Church Donates Fishing Equipment to Japan
Contributed By Conan Grames, Director of Public Affairs for the Asia North Area
- In the town of Kuji, the Church provided three trucks, 4,500 nets, 3,000 octopus cages, and various other fishing supplies to the local fishermen’s cooperative.
- In nearby Noda Mura, the Church’s donation included trucks with refrigeration equipment and fish tanks, a forklift, a large-volume digital scale, and 70 large containers for hauling the day’s catch.
- In presenting the donations, Elder Koichi Aoyagi related how Christ called Simon Peter and other fishermen to be His disciples.
“For us who received the shock of this great disaster, the donation today from your church is a reassuring act of kindness.” —Kenichiro Saikachi, head of the Kuji fishermen’s cooperative
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One day shy of eight months after the earthquake and tsunami in Japan, on November 10, 2011, Elder Koichi Aoyagi of the Seventy, Second Counselor in the Asia North Area Presidency, together with priesthood leaders and Church staff, traveled into a remote area along the coast of Tohoku, Japan, and presented equipment and supplies to the devastated fishermen in that region, adding to the support already given by the Church in other villages.
The donations, in addition to almost 22,000 Church-sponsored volunteers who have worked in the region, are part of an ongoing effort by the Church to help the people in Tohoku recover from the March 11 disaster, now referred to as the Great East Japan Earthquake.
In the town of Kuji, the Church provided three trucks, 4,500 nets, 3,000 octopus cages, and various other fishing supplies to the local fishermen’s cooperative. Kuji has a population of about 35,000 people with 1,200 fishermen. The fishing fleet was virtually destroyed by the tsunami.
Kenichiro Saikachi, who heads the fishermen’s cooperative, thanked the Church for the donation, saying, “For us who received the shock of this great disaster, the donation today from your church is a reassuring act of kindness.”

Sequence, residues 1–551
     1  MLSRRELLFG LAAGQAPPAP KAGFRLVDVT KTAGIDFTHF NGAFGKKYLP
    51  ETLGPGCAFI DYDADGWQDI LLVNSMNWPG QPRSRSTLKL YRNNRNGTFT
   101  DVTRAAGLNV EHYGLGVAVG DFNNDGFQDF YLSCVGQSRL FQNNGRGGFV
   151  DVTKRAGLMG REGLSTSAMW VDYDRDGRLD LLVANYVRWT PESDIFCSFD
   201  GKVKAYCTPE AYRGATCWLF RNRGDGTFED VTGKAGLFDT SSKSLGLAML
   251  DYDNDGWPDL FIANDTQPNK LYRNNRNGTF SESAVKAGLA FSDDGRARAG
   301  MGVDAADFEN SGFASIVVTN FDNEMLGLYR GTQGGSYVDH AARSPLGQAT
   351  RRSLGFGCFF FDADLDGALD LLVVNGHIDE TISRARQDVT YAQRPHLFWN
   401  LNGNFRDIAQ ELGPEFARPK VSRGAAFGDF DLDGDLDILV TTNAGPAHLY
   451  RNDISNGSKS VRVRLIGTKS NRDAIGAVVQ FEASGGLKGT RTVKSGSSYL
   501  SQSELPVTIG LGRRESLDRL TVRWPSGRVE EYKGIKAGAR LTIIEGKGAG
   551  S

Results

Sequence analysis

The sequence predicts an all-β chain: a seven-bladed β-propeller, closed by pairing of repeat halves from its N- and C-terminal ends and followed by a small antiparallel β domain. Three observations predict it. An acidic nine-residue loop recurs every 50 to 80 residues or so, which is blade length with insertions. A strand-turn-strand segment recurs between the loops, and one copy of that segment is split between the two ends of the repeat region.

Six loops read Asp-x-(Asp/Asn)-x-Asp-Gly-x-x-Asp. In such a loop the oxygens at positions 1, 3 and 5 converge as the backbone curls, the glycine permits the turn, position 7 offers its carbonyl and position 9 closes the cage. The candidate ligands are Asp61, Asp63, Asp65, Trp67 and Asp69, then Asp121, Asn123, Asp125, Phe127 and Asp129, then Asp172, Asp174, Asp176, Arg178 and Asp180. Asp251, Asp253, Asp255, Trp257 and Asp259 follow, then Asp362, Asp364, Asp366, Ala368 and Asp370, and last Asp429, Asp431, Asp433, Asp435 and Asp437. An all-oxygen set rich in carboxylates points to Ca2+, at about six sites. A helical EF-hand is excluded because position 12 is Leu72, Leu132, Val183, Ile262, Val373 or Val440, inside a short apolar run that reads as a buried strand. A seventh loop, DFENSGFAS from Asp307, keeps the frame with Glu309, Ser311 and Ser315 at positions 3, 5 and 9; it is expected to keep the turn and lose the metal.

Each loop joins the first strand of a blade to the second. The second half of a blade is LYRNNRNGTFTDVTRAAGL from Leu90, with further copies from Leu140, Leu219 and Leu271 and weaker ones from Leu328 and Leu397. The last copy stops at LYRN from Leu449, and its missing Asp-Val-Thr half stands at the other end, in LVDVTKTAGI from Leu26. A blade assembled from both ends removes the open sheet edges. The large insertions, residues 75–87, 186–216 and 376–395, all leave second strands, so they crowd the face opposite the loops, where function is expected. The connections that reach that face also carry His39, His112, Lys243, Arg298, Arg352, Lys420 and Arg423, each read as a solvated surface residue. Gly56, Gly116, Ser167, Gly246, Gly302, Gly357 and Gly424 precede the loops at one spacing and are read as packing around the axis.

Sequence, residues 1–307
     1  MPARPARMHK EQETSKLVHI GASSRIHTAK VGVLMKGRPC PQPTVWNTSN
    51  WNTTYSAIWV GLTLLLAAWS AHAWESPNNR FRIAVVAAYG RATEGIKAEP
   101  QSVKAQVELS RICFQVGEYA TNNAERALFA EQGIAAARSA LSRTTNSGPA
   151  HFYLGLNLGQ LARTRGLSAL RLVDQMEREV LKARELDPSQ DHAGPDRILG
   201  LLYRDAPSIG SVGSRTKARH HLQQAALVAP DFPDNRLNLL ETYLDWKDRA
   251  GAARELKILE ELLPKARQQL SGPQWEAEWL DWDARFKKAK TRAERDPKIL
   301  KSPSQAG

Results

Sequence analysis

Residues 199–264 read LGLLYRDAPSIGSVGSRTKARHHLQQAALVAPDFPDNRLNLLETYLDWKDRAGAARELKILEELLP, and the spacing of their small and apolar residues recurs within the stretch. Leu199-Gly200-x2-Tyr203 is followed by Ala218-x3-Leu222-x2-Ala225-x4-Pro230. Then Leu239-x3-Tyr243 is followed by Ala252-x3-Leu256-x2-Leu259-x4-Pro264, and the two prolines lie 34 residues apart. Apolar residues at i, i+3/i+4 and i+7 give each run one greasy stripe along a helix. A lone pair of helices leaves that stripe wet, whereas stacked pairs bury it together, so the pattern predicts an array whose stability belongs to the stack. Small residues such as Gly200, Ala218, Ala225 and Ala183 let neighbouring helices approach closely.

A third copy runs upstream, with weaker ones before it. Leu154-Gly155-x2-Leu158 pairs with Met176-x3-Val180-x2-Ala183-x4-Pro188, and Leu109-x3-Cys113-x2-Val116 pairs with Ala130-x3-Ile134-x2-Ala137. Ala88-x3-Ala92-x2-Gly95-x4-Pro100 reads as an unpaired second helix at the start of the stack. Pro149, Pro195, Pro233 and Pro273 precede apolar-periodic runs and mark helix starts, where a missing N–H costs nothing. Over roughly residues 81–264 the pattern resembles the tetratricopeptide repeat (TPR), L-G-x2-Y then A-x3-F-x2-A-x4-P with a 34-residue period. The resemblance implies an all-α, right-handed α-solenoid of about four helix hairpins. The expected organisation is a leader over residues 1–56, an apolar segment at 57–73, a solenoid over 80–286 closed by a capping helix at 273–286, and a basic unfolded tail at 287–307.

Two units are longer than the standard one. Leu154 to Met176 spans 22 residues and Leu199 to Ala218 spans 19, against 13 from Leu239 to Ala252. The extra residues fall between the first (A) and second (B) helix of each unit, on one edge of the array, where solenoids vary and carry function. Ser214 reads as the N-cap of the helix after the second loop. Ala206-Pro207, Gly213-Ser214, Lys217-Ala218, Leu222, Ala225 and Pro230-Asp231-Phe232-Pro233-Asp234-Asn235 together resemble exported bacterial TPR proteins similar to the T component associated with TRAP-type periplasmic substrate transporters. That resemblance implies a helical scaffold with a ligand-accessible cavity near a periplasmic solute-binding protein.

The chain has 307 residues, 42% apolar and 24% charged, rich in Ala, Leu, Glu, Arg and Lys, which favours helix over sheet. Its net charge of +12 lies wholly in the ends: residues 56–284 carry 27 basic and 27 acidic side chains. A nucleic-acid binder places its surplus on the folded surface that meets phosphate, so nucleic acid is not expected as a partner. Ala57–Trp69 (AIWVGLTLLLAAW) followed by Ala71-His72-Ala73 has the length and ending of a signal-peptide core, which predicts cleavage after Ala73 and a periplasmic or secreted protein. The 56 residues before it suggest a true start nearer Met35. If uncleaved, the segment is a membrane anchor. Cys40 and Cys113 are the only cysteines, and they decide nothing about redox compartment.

The team from the Church then drove 30 minutes down the rocky coastline and made a similar presentation in the small village of Noda Mura, where before the tsunami there were about 4,000 residents. Many died, and most of the houses were destroyed. So was the mainstay of the economy—fishing.
The Church’s donation included trucks with refrigeration equipment and fish tanks, a forklift, a large-volume digital scale, and 70 large containers for hauling the day’s catch. Both the mayor and the head of the co-op were visibly moved by the help they had received from people they had never met before the earthquake brought them together.
The donations to the villages were suggested by Kazumoto Domon, president of the Odate Branch, who had done business with Kyoichi Shimizu, a recently elected member of the Iwate prefectural assembly.
Mr. Shimizu thanked President Domon for his telephone call and his offer to help following the tsunami. Then he expressed his deep appreciation to the people of the Church who had come to the area “as if they were our own brothers and sisters.” He recognized that the humanitarian aid that paid for these donations had come from members all over the world in an effort to help Japan put these villages back on their feet.
In his remarks to the fishermen, Elder Aoyagi told a story from the New Testament.
“When Jesus Christ began to teach the people and establish His Church, He went to the shore and chose Simon Peter, a fisherman, and other fishermen who worked with him to be His disciples,” he related. “They were pure, humble, honest, diligent men. They are the ones who built Christ’s Church on the earth. We feel a special significance in making this presentation to you today.”